Thursday, October 11, 2012

Write the Book You Would Love to Read

I've given the same advice to two author friends recently and it occurred to me, why not post it at Promantica (aka, the most anorexic blog on the planet)?

Of course you don't need to read the post; my advice is in the title: Write the book you'd love to read.

Here's what I'm talking about. Between various online discussions and the brand new Amazon author rankings, it's clear that some romance authors are doing very well indeed. E.L. James, Sylvia Day, Kristen Ashley, Robyn Carr, Debbie Macomber, J.R. Ward and so forth. Mazel tov to them!

I've enjoyed books by some of these authors, and not the books by others. Some books aren't particularly well-written, which clearly doesn't rule them out of "Ohmigod, you have to read this" status. (In fact, I've come to the conclusion that "the writing's not very good" is often a justification of someone's dislike of a book, but "it's very well-written" is never a selling point in the "No, really, you have to read it" urging.)

Here's the thing. I may never sell the voluminous quantities of these authors because to do so, I'd have to write books I don't personally want to read. How much fun would that be?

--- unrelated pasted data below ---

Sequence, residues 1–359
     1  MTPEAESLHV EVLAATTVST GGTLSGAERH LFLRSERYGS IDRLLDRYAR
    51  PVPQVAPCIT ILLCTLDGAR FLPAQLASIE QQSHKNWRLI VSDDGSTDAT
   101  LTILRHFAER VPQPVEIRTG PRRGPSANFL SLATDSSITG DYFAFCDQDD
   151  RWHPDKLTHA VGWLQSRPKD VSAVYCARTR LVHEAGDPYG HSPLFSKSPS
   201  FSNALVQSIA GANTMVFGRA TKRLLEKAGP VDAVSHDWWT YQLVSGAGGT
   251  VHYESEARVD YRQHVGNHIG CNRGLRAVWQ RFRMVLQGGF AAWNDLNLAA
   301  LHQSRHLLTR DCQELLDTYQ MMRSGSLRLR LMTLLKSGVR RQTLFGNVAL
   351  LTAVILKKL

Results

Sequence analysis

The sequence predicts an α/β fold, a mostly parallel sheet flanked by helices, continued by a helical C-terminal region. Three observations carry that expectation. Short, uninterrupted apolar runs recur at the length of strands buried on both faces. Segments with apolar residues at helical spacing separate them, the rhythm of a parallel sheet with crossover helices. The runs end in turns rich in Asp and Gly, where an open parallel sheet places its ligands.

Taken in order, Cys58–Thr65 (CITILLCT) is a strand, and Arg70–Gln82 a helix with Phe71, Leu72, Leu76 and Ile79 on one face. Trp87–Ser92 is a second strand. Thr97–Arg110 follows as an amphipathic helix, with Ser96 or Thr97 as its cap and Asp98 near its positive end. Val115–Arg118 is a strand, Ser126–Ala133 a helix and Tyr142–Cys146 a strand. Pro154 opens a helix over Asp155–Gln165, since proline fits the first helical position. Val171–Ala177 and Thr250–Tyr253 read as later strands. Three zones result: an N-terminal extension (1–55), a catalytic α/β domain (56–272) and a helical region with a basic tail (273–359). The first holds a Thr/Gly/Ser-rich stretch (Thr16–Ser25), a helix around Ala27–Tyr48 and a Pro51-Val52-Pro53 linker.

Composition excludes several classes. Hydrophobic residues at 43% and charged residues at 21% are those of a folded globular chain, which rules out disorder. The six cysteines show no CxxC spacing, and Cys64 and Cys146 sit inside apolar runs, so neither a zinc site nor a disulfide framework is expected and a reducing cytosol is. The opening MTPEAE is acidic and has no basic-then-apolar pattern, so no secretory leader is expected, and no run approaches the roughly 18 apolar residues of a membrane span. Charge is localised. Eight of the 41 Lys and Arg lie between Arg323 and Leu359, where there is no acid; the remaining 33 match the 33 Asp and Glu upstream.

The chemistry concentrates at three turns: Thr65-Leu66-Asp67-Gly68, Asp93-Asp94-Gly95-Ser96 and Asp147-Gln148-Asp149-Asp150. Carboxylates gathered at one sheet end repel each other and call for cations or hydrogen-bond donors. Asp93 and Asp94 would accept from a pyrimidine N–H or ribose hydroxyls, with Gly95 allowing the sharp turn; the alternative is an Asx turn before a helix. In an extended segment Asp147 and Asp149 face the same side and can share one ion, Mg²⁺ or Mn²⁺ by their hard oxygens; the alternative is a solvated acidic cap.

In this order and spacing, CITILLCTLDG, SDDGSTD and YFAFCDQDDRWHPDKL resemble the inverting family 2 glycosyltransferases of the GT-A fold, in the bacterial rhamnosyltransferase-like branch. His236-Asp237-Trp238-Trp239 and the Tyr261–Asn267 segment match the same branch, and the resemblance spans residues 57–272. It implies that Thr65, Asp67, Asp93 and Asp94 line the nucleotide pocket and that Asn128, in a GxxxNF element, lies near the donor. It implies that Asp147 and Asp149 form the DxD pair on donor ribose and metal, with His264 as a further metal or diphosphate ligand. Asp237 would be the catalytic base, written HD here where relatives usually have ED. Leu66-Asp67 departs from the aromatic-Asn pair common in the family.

Oh, I don't think anyone's writing to the market--those bestselling authors are writing the books they'd love to read, and they've tapped into a huge readership that happens to love the same things.

Sure, that could happen to me, but I'm okay if it doesn't. Sales numbers, book rankings, and author status are all very nice, but they're ancillary to what I can control: the words on the page.

A lot of that is about good writing--believe me, that's the easiest thing to learn or fix--but a lot of it is about the storytelling, which is much harder to gauge.

So what sorts of things are true about books I love to read? Less tension between the hero and heroine. I know this means my books seem to have less conflict, but as I don't like to fight, I don't like to see my friends and family fight, I don't even like to overhear strangers fight, why would I want to write about characters who spat all the time?

I prefer characters who like each other, respect each other, are attracted to each other, and still can't make it work. (I'm all about the back story...)

I like angsty emotions, black moments, and heart-wrenching endings. I love five-tissue weepy reads!

I like sex but if I'm being honest, I can take it or leave it when it comes to a romance I love. What is required is that any sex be specific to those people and that situation.

And I like smarts. Characters with smarts. Plots with smarts. Sassy dialogue. Clever situations. I don't need the characters to have advanced degrees, but if they do, I expect them to act like they do. On the other hand, a street urchin can be credibly inventive. I love that too.

I like characters to be comfortable financially. Rich is nice but not necessary. Just not broke. That said, Rachel in Susan Elizabeth Phillips' Dream a Little Dream has to be poor for the plot to work.

I'm sure there's more, but you get the idea. Right now, I'd say I'm writing books I'd enjoy if they were by another author. Not sure I'd love them to the point of saying, "No, really you absolutely positively have to read this!" Maybe someday.